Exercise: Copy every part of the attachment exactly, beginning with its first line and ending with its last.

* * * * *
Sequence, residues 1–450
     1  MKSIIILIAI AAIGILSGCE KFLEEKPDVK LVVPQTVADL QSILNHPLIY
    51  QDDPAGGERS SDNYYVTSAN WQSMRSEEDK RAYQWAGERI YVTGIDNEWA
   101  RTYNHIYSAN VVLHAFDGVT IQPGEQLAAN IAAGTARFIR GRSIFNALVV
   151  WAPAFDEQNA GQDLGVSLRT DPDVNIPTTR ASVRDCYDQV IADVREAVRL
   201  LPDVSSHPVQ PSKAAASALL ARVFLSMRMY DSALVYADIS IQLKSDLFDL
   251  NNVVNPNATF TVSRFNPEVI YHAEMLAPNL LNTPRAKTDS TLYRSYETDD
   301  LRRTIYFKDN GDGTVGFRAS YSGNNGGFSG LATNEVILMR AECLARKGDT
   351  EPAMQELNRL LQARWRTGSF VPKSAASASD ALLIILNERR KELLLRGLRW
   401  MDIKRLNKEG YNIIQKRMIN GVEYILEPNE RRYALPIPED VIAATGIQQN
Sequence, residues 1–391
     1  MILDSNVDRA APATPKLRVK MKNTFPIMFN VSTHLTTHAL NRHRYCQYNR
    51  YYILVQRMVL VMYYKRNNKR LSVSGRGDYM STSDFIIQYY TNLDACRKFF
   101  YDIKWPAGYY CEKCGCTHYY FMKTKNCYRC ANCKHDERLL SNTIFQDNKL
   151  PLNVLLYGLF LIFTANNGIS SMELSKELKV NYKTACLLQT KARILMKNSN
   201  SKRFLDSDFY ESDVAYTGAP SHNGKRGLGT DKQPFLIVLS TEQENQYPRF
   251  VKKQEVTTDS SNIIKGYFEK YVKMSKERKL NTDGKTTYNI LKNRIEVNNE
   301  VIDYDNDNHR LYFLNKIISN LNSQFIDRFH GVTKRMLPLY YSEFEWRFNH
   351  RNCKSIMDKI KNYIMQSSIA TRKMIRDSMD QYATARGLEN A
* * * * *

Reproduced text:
Sequence, residues 1–450
     1  MKSIIILIAI AAIGILSGCE KFLEEKPDVK LVVPQTVADL QSILNHPLIY
    51  QDDPAGGERS SDNYYVTSAN WQSMRSEEDK RAYQWAGERI YVTGIDNEWA
   101  RTYNHIYSAN VVLHAFDGVT IQPGEQLAAN IAAGTARFIR GRSIFNALVV
   151  WAPAFDEQNA GQDLGVSLRT DPDVNIPTTR ASVRDCYDQV IADVREAVRL
   201  LPDVSSHPVQ PSKAAASALL ARVFLSMRMY DSALVYADIS IQLKSDLFDL
   251  NNVVNPNATF TVSRFNPEVI YHAEMLAPNL LNTPRAKTDS TLYRSYETDD
   301  LRRTIYFKDN GDGTVGFRAS YSGNNGGFSG LATNEVILMR AECLARKGDT
   351  EPAMQELNRL LQARWRTGSF VPKSAASASD ALLIILNERR KELLLRGLRW
   401  MDIKRLNKEG YNIIQKRMIN GVEYILEPNE RRYALPIPED VIAATGIQQN
Sequence, residues 1–391
     1  MILDSNVDRA APATPKLRVK MKNTFPIMFN VSTHLTTHAL NRHRYCQYNR
    51  YYILVQRMVL VMYYKRNNKR LSVSGRGDYM STSDFIIQYY TNLDACRKFF
   101  YDIKWPAGYY CEKCGCTHYY FMKTKNCYRC ANCKHDERLL SNTIFQDNKL
   151  PLNVLLYGLF LIFTANNGIS SMELSKELKV NYKTACLLQT KARILMKNSN
   201  SKRFLDSDFY ESDVAYTGAP SHNGKRGLGT DKQPFLIVLS TEQENQYPRF
   251  VKKQEVTTDS SNIIKGYFEK YVKMSKERKL NTDGKTTYNI LKNRIEVNNE
   301  VIDYDNDNHR LYFLNKIISN LNSQFIDRFH GVTKRMLPLY YSEFEWRFNH
   351  RNCKSIMDKI KNYIMQSSIA TRKMIRDSMD QYATARGLEN A